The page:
Because of the ferderal nature of German politics many decisions are made and carried out by individual state (Land) governments. Responses to the Coronavirus pandemic fall within these so it is up to each state (and there are 16 of them, from city states such as Hamburg and Berlin, to large areas such as Bavaria) to determine the number of people who can attend events and that includes football matches.
So how many fans will be at football matches when the season starts with the first round of the DFB Pokal this weekend..? Well that depends entirely on where you are are what your Land has proscribed. Consequently it’s a very mixed bag, as can be seen below:
FC Kaiserslautern - 0 fans
Hertha Berlin - 4,000
Hansa Rostock - 5,000
Halle - 3,200
Magdeburg - 2,500
Mainz - 1,000
Borussia Mönchengladbach- 300
RB Leipzig - 8,500 (this is to the first game of the Bundesliga season)
One thing is clear though. Those teams in the east of the country, where there were far fewer cases of Coronavirus during the height of the pandemic (and where infection rates remain very low), are being allowed more fans than teams in the west. Hence the much higher numbers at Leipzig, Rostock and Halle compared to the correspondingly low numbers at Mainz and Mönchengladbach.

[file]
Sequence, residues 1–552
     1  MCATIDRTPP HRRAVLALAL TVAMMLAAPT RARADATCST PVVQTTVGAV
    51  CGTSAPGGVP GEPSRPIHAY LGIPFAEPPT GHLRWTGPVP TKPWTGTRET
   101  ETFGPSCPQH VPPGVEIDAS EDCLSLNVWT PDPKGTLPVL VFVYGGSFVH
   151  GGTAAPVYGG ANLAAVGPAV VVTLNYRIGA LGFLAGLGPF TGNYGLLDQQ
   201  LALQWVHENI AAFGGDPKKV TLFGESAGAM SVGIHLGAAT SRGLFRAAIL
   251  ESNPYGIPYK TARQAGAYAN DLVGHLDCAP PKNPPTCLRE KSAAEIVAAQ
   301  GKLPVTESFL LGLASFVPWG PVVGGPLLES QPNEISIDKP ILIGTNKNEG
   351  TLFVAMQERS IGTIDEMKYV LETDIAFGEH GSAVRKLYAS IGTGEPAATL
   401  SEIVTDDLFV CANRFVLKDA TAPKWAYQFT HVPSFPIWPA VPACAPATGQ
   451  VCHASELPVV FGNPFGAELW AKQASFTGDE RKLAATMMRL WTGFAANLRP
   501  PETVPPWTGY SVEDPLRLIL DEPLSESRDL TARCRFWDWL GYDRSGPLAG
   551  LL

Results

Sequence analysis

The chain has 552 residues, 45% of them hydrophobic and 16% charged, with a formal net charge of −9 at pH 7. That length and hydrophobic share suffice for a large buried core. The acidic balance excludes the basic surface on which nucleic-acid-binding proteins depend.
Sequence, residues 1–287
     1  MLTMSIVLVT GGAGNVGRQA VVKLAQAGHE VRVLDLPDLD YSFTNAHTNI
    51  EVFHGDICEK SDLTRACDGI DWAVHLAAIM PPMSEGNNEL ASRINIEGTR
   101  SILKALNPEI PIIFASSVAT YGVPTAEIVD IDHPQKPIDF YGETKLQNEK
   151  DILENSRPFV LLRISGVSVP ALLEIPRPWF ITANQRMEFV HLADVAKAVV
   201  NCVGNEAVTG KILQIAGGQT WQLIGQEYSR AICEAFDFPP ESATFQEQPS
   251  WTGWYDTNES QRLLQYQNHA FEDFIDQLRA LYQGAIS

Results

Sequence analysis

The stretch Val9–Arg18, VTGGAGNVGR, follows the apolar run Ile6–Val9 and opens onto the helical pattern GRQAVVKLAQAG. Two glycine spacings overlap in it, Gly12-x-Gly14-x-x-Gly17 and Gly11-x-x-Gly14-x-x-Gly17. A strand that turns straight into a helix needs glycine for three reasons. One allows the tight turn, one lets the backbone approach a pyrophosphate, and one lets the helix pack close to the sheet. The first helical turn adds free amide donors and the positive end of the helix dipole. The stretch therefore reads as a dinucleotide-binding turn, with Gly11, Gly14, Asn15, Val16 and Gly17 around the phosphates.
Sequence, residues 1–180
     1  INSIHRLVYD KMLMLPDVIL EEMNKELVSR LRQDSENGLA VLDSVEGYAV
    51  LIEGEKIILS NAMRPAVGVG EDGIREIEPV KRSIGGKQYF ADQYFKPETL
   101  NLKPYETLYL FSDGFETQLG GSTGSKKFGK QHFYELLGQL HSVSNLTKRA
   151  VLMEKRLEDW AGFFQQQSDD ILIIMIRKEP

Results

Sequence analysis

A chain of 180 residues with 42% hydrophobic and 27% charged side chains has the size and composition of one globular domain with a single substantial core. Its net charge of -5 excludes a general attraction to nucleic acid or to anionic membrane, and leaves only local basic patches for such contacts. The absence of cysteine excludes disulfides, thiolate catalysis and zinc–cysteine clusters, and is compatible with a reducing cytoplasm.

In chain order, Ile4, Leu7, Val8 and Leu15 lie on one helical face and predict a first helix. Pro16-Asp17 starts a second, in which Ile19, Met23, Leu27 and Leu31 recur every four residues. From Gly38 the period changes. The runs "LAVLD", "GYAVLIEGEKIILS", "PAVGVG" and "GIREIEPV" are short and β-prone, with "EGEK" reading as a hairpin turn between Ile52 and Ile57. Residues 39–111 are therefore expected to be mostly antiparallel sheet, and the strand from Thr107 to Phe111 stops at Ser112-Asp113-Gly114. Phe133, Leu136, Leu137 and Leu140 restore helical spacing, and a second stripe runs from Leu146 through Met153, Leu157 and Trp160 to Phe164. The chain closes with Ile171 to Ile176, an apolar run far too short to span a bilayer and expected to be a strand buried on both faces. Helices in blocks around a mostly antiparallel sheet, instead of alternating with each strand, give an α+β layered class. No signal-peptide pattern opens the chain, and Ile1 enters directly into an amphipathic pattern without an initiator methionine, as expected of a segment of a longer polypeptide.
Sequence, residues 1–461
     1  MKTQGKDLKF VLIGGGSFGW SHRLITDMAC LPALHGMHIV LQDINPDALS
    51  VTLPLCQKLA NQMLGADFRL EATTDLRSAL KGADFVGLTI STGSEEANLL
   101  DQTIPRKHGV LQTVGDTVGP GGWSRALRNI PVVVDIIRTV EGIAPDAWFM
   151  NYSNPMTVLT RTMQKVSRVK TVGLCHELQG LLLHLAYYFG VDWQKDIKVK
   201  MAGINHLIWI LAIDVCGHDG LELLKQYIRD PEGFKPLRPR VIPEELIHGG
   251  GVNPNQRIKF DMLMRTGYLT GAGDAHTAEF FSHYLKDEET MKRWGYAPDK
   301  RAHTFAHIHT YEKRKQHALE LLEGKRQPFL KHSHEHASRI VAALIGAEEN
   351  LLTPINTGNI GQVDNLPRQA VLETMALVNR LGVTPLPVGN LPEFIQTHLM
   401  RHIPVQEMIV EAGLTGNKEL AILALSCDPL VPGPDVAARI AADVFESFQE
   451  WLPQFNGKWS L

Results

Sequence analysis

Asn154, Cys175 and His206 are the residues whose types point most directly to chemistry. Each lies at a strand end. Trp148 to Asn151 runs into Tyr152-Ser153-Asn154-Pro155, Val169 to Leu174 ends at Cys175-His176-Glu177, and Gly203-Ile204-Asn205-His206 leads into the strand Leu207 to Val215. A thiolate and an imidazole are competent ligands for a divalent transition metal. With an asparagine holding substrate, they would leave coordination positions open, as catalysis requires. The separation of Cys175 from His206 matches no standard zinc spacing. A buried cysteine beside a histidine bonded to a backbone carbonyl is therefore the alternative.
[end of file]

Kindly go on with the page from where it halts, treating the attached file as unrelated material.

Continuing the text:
A case in point is SC Freiburg, located in the south western state of Baden Württemberg. The club had put forward a case for allowing 20-30% of the ground to be occuped, equating to 4,800-7,200 fans. However the state government has decreeed that no more than 500 can attend an event, leaving them more than likely opting to play in front of empty stands once again.
How long this situation carries on for is for obvious reasons entirely unclear. However it does mean that there is no longer a simple answer to how many many fans can attend a Bundesliga game. And that Geisterspiele, at least in the east, are a thing of the past.